The Chinese criminal justice system has undergone significant changes in the past 20 years. An important aspect of the changes is the promulgation of a series of laws that are essential to the criminal justice operation. In 1996, the National People’s Congress promulgated the amended Criminal Procedure Law (CPL). The amended law in many aspects has expanded the rights of defendants and suspects. But the preliminary research on the implementation of the amended CPL indicates that due to the lack of a culture of respect for the law on the part of the police and the deficiencies contained in the amended CPL, the protections afforded to suspects are far from being properly implemented by the police. Introduces to readers the legislative progress made in the amended CPL, examines various problems that arise in the implementation of the amended CPL, and offers suggestions as to what needs to be done further to assure better protections of suspects’ rights at the police investigatory stage.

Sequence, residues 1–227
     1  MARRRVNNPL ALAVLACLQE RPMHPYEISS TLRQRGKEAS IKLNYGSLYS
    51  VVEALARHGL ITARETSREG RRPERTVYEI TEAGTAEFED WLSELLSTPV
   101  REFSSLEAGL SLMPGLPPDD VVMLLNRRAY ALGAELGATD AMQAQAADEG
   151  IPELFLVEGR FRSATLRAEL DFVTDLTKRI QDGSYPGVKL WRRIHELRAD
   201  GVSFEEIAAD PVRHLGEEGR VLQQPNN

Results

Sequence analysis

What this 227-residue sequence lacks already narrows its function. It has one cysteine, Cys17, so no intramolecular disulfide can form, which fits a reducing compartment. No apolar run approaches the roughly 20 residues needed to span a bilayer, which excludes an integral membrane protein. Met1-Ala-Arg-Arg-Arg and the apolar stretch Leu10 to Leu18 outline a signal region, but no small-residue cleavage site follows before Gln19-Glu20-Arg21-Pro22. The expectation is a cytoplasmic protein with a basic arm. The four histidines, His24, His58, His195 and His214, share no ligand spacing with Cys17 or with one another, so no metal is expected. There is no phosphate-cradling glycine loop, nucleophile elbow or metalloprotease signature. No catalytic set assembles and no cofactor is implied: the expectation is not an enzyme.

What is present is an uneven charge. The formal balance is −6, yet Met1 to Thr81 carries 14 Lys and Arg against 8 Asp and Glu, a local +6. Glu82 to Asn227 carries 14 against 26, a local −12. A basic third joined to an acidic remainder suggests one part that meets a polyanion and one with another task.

Details

Policing: An International Journal of Police Strategies & Management, vol. 26 no. 3
Type: Research Article
ISSN: 1363-951X

Keywords

Article
Publication date: 25 June 2021

Samah Al Agha

This paper aims to explore the offense of illicit enrichment by public officials. It examines whether “reconciliation” could be a preventive measure from corruption or a…

Abstract

Purpose

This paper aims to explore the offense of illicit enrichment by public officials. It examines whether “reconciliation” could be a preventive measure from corruption or a vehicle for corruption.

Design/methodology/approach